Live the Life Presented to You


We spend our lives searching. After our basic needs are met, we continue to scan the horizon for our next destination or experience. I’ve traveled enough to know that there are indeed lovely places to see. Sometimes when traveling to new places, I feel more alive. The voices in my head take the back seat.

Some people’s inner critic hijacks their experiences with comparing and judging.  Sitting at a cafe in Paris, they complain the coffee back home is so much better. In India they ask the hotel’s concierge for a name of a restaurant that serves American food. No one is going to convince me to eat Indian food, they tell their travel mates. Their bodies are traveling, but their minds are fixed, replaying the same thoughts.  

If my physical body is standing in line at the Secretary of State or sitting in a gondola in Italy, my mind and body GPS coordinates should align. In other words, when I’m physically in line to renew my driver’s license in Colorado, my mind should also be in Colorado. 

Prajna, a Buddhist term, is a way of seeing things as they are, observing instead of perceiving, which implies creating a story. One of Tim’s favorite sayings, is: It is what it is. In other words, face every situation with a blank slate.

Ideally, I would awaken to each new day in complete awareness. If only there were steps to follow, like avoiding caffeine, to make it happen. The good news is that although we keep abandoning the Present moment, it never leaves us. Like our authentic self is always with us.

Awakening to the Present moment is letting go of thinking you control what happens. You let go of thoughts that suggest you can use externals to get grounded. Nothing outside ourselves will ever give us permanent security. We exist on shifting sands, impermanence. The point is to know it, understand it, and live the life presented to us.

Accepting that life unfolds to our liking and not to our liking eliminates the illusion that we are in control. It’s what Tim is trying to do when he shifts from worrying that the fire alarms will go off again to telling himself: I don’t mind what happens. It may not absolve all thoughts of the possibility of the shrieking red blinking boxes going off in the middle of the night, but it puts a buffer around the worrisome thoughts.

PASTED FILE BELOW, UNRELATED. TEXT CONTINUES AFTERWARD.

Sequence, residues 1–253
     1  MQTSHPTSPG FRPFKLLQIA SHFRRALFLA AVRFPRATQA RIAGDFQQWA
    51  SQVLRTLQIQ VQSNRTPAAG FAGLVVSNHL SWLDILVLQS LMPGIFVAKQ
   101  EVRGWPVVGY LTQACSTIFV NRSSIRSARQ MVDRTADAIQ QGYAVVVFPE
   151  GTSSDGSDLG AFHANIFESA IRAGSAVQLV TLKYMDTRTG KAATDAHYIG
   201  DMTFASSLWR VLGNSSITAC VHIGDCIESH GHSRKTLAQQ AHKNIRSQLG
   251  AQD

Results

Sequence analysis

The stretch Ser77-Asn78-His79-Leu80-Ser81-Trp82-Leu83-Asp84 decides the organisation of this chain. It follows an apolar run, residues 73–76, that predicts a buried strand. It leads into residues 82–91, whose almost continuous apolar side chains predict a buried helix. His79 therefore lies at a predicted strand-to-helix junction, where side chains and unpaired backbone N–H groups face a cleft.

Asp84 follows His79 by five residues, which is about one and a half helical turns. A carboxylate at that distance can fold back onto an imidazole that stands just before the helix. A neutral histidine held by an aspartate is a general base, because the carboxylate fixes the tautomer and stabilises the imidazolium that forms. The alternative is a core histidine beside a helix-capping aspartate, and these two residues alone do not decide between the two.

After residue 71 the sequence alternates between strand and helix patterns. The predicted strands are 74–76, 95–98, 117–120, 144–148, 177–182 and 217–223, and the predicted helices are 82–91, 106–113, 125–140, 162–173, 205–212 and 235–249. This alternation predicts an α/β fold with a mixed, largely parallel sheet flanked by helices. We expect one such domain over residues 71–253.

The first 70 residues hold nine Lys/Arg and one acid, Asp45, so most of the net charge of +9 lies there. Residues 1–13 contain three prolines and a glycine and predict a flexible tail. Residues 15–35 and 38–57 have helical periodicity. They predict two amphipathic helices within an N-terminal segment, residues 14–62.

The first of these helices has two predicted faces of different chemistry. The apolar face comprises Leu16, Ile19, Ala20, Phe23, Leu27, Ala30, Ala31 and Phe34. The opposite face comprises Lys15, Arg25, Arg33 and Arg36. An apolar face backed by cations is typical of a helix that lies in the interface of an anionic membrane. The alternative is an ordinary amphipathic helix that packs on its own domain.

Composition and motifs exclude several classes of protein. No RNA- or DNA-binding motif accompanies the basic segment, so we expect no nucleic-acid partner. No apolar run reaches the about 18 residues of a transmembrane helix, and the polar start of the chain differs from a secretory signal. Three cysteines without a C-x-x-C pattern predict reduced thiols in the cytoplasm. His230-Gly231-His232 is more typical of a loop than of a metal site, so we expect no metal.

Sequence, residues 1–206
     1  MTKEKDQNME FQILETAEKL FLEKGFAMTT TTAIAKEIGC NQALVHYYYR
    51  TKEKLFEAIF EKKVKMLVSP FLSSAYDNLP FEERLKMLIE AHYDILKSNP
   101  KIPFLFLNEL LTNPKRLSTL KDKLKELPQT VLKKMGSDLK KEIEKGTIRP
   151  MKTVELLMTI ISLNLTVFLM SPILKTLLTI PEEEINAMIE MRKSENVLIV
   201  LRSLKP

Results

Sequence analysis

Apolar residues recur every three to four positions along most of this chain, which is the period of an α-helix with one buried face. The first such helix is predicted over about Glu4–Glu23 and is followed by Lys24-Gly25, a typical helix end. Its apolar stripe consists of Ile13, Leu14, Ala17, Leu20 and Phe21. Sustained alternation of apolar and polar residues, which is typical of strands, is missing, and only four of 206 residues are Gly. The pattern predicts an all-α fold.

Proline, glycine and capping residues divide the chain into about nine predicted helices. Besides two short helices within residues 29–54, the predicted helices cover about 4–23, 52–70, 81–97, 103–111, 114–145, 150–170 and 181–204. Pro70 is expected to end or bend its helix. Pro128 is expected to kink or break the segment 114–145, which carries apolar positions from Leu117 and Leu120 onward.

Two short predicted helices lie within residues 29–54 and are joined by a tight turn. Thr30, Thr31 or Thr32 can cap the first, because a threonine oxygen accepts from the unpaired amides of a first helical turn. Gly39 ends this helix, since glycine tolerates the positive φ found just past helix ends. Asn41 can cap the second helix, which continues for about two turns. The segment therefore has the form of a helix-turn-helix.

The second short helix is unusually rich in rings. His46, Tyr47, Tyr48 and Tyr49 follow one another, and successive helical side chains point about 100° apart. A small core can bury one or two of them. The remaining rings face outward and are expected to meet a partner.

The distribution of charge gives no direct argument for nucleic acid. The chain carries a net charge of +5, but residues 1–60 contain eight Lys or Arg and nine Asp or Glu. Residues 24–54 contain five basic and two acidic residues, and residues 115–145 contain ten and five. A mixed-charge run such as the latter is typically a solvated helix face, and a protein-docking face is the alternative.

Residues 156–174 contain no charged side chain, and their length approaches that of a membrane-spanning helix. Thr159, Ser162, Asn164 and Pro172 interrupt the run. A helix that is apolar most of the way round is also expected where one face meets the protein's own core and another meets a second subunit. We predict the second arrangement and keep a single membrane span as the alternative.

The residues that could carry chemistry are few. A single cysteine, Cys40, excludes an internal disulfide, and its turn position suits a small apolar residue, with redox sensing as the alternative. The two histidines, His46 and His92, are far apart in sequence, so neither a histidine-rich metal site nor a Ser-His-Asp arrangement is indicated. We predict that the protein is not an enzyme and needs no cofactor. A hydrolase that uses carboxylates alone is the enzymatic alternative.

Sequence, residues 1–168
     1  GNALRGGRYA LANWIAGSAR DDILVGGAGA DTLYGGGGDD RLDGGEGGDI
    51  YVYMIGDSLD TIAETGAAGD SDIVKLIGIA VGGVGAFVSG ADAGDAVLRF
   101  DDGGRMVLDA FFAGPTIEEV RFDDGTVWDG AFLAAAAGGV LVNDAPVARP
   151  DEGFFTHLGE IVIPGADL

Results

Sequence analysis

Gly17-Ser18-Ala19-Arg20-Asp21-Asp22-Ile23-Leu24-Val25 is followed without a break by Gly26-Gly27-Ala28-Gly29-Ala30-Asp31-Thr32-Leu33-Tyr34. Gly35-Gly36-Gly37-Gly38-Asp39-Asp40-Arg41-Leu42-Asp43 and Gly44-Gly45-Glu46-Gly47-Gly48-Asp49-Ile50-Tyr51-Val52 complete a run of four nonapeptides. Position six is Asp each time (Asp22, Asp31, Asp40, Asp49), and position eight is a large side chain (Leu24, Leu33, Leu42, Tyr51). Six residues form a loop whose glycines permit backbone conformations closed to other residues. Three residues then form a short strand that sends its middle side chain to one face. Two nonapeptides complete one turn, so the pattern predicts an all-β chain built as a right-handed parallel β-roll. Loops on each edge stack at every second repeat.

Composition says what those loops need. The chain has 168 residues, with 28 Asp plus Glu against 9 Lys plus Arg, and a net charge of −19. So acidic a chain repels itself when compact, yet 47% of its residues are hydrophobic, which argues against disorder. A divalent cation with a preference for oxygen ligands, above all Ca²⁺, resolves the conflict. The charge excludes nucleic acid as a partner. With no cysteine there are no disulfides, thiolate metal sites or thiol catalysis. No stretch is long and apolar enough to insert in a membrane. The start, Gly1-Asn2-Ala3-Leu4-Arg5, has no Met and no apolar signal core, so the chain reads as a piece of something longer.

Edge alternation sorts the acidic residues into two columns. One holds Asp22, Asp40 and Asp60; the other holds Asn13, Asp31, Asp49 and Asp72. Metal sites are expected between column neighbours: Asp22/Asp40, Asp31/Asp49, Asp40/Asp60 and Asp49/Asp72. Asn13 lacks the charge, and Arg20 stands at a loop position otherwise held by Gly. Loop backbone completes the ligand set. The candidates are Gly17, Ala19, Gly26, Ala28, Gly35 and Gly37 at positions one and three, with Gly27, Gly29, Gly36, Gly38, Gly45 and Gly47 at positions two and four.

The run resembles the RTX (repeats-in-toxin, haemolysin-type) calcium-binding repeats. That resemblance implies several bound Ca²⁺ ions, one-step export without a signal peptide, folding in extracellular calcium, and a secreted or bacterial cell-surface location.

Replaying the past when someone hurt you or some embarrassing moment that happened is a waste of time. Strong negative emotions are kept alive by thinking and retelling the stories. If we shift to the Present, a place of acceptance, we notice a change in our energy field. Even when something keeps nagging us, our inner acceptance puts a space around it that makes it matter less. After a while, it surfaces less and less. 

An ancient meditation technique, a mantra, is chanted to help us focus. When repeated, again and again, it modifies and re-wires the brain (plasticity). It’s what happened in your brain when you learned to ride a bike or a second-language. 

When facing a blank page on the computer screen, before starting a new blog post, my first thoughts might be: May the universe grant me the serenity to close all the tabs I’m never going to read and the courage to read those I should—and the wisdom to know the difference. After this little humor break, looking at the nature outside my window, I repeat some variation of, May my words contribute to the enjoyment and learning for all. Mantras are whatever works for you to return yourself to you.  

There is no destination to reach to live life fully. Turn your attention away from the world and listen to the whispers of your higher being. Continue the journey you are meant to take, in the Present moment, step-by-step.